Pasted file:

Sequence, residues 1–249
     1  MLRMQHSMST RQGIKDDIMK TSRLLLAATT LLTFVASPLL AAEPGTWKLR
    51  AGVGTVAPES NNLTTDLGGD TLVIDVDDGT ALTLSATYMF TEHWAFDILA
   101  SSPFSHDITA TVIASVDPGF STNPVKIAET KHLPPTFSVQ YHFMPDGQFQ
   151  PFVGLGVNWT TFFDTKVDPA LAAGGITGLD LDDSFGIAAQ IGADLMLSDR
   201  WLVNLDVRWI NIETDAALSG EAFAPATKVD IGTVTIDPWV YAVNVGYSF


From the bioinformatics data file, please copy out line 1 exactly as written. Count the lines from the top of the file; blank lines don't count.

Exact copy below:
Sequence, residues 1–249